The first was part of his opening remarks to the delegates, Washington and the Constitutional Convention:

When sufficient delegates had arrived in Philadelphia to make up a quorum for the Constitutional Convention, George Washington was unanimously elected its president. He accepted the honor reluctantly, protesting his lack of qualification. His opening remarks were addressed to the pride and idealism of the members: “Let us raise a standard to which the wise and honest can repair.”

I first saw these words when I was a graduate student at New York University. One day, while walking across nearby Washington Square Park, I saw them engraved in stone on the top of the monument from which the park takes its name:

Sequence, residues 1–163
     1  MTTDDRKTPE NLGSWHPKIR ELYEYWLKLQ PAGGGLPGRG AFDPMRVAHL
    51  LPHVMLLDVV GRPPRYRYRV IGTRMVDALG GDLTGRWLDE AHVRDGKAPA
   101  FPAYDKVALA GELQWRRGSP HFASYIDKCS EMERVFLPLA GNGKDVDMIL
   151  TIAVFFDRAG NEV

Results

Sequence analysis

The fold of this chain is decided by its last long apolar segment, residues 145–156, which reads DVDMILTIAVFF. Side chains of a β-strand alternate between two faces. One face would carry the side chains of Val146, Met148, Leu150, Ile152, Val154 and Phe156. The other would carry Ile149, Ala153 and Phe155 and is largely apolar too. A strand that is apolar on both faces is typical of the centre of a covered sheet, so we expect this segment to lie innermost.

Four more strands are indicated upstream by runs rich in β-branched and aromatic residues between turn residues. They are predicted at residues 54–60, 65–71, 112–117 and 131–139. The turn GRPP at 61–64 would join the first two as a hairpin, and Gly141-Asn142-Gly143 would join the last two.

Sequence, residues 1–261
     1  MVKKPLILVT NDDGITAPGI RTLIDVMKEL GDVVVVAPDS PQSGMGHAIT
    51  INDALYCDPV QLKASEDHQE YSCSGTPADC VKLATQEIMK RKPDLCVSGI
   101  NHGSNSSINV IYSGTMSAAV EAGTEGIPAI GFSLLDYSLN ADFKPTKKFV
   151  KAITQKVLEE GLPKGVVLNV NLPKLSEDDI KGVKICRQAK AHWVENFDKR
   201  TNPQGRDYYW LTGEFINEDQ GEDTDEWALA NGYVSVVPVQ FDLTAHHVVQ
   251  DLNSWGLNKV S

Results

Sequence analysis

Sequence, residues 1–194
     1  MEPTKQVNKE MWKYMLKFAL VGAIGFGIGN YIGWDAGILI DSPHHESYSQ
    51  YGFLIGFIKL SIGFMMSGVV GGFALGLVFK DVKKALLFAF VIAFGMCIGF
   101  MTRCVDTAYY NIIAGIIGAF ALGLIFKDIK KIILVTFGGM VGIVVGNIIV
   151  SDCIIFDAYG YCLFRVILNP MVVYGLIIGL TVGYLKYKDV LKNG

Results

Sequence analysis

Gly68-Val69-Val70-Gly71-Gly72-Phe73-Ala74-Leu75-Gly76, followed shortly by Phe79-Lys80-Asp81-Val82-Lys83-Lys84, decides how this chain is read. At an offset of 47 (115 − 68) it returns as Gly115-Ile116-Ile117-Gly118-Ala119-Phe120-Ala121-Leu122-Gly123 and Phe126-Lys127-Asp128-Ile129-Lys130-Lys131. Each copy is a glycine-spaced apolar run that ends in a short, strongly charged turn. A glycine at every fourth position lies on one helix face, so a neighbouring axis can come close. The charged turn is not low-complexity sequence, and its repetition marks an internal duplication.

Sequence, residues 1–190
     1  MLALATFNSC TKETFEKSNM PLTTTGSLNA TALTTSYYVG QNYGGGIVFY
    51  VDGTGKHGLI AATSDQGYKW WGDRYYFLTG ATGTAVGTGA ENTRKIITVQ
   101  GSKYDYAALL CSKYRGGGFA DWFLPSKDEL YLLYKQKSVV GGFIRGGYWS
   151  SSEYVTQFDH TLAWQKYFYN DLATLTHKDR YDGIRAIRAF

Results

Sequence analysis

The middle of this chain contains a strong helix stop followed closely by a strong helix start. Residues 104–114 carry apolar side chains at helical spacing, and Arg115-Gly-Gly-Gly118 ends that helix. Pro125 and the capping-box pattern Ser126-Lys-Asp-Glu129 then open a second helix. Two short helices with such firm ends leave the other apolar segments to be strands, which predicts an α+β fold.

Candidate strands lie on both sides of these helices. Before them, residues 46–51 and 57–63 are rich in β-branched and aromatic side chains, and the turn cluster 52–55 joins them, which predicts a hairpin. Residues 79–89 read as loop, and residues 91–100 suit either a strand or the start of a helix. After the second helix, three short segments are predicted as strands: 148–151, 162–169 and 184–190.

The second was written in the same month, but in a private letter that was only recently discovered, early in 2007, George Washington Letter Found in Scrapbook (emphasis added):

“The happiness of this Country depend much upon the deliberations of the federal Convention which is now sitting,” reads the second paragraph of the quill-and-ink letter. “It, however, can only lay the foundation — the community at large must raise the edifice.”

That the delegates heeded his words and understood the importance of an open community in creating an enduring standard can be found in the first words of the document they produced:

We the people …

Wise, Honest, Community. That is the essence of an open standard — all the rest is detail.

A shallow dive into OOXML

I’ve been following the “OOXML affair” casually for the past few months, but a number of recent articles and blog posts prompted me to pay closer attention.